Construction activity in Ireland fell at the sharpest rate since June 2013, according to an economic indicator produced by Ulster Bank.
The Ulster Bank PMI survey recorded a second consecutive monthly decline in activity. But, despite a report last week pointing to contraction in the Dublin residential market, the PMI survey says the sector continues to expand nationally, albeit at a slower rate.
The October residential reading was 51.3, down form 52.9 in September. Any reading above 50 indicates expansion.
Still, the index points to a clear loss of momentum in the construction industry generally. Commercial activity was responsible for the significant contraction in the index to 46.2 in October. Civil engineering activity also declined though this is the 14th consecutive month of weakness in this area. The October contractions were at a sharper pace than in September.
In line with the fall of activity, new orders witnessed the first fall since June 2013 with panellists citing ongoing uncertainty around Brexit.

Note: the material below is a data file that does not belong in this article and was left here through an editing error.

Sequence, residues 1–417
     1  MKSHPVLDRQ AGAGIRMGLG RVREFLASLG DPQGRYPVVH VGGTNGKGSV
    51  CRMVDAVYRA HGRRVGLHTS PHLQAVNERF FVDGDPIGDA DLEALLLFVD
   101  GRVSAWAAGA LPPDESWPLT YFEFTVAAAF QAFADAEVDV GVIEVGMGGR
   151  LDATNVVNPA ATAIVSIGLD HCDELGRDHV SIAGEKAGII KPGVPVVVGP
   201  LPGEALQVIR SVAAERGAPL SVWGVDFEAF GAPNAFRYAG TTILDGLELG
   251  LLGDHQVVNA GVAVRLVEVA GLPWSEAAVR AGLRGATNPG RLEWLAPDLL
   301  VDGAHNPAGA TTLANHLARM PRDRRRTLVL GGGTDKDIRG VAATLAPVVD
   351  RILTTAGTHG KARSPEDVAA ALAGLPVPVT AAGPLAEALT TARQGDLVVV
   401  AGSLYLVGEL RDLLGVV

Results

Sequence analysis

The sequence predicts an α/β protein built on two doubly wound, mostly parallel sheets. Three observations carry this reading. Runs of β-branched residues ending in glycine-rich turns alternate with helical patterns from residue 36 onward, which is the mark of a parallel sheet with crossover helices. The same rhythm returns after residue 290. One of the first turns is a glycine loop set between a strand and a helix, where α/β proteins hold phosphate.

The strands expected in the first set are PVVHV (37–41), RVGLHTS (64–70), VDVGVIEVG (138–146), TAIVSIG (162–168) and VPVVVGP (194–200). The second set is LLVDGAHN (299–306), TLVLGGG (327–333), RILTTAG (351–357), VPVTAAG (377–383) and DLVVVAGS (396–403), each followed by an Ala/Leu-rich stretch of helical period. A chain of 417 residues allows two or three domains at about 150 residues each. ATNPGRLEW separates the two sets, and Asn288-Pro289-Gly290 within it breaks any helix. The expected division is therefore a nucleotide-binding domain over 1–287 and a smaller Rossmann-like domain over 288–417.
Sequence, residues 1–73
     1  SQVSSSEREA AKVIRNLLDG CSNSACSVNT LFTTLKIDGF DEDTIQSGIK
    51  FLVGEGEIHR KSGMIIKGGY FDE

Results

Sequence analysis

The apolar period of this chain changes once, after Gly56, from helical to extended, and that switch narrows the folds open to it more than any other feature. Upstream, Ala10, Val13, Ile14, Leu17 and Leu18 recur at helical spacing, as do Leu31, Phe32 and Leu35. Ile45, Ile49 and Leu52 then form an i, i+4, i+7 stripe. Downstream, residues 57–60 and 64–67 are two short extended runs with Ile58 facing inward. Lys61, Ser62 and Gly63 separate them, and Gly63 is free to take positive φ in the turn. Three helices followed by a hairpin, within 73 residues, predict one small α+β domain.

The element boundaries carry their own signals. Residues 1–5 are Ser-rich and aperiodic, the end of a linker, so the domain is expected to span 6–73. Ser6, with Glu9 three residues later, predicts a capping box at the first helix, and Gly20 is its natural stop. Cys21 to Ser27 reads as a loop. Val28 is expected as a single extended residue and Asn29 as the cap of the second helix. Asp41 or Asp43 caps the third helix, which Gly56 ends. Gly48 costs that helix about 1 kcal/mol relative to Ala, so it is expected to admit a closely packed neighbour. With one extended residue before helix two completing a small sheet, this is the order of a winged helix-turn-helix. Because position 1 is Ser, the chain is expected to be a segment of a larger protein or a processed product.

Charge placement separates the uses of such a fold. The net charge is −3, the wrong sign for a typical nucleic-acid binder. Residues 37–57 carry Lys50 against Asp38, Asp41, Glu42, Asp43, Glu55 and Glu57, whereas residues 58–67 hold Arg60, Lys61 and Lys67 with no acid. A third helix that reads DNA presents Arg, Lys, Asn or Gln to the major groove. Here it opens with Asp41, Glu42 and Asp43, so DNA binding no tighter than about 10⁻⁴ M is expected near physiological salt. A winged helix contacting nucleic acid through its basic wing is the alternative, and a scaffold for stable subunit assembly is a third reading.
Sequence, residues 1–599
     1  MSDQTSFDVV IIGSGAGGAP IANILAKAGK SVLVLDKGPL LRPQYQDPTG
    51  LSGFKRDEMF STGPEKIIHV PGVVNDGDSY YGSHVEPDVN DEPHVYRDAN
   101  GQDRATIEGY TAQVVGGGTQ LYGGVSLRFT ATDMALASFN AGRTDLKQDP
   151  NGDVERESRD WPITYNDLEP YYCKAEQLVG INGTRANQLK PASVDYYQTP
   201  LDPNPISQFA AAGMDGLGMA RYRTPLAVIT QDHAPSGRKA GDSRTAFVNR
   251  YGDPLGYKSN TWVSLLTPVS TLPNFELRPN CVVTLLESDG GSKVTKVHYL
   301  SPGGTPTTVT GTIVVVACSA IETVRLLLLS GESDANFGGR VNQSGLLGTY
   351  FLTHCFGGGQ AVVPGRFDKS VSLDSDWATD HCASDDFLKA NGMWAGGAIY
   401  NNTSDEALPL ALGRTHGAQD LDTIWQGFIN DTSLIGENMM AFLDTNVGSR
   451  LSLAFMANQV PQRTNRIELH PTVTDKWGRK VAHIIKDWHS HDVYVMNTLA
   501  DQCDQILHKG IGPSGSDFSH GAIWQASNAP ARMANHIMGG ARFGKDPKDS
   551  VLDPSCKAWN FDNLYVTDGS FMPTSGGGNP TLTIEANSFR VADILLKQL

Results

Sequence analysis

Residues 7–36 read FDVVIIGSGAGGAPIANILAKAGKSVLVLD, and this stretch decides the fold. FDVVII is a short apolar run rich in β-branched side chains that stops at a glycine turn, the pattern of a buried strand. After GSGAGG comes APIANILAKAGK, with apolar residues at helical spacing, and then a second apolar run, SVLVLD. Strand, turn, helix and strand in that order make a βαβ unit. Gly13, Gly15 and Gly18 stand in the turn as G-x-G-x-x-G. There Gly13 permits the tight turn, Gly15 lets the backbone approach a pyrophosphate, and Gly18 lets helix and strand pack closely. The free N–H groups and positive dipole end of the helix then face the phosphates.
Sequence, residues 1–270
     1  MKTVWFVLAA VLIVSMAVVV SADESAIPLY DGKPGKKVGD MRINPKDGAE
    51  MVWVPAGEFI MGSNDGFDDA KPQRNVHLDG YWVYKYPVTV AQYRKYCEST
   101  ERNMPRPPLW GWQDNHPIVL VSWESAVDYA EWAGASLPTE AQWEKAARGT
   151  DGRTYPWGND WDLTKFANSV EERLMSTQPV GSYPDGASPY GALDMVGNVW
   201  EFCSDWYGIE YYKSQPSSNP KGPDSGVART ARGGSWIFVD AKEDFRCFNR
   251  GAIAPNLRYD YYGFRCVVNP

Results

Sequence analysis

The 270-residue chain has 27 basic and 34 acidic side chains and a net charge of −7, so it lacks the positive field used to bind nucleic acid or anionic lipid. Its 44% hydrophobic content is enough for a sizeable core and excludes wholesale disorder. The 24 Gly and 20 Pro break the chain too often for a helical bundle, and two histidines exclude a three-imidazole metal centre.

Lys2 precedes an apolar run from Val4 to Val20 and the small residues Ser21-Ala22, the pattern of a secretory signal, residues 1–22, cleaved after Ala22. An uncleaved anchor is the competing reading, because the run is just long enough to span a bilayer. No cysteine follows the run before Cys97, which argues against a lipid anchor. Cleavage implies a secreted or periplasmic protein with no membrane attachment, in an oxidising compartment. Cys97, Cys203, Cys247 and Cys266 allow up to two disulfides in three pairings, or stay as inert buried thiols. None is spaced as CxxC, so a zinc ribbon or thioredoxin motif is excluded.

"Anecdotes from the survey highlight that concerns about Brexit impacts continue to weigh on activity and sentiment regarding the sector's prospects for the coming year, said Ulster Bank chief economist for the Republic, Simon Barry. "In this context, the recent easing of concerns regarding Brexit crash out risk may offer some support for construction confidence and activity in the months ahead."
There were some positive features in the survey. Irish construction businesses added to their headcounts in October though the rate of job creation was seen as “marginal” and matched the almost six-year low recorded in September.
Purchasing activity among the panellists did rise in the month, again only marginally, and this too was linked to Brexit. Evidence suggested the rise in input purchases were to mitigate any supply disruptions the UK's exit from the European Union may cause.
Despite the uncertainty, optimism among Irish construction business picked up from September to the highest in three months. Just under a third of panellists expect activity to increase over the coming year.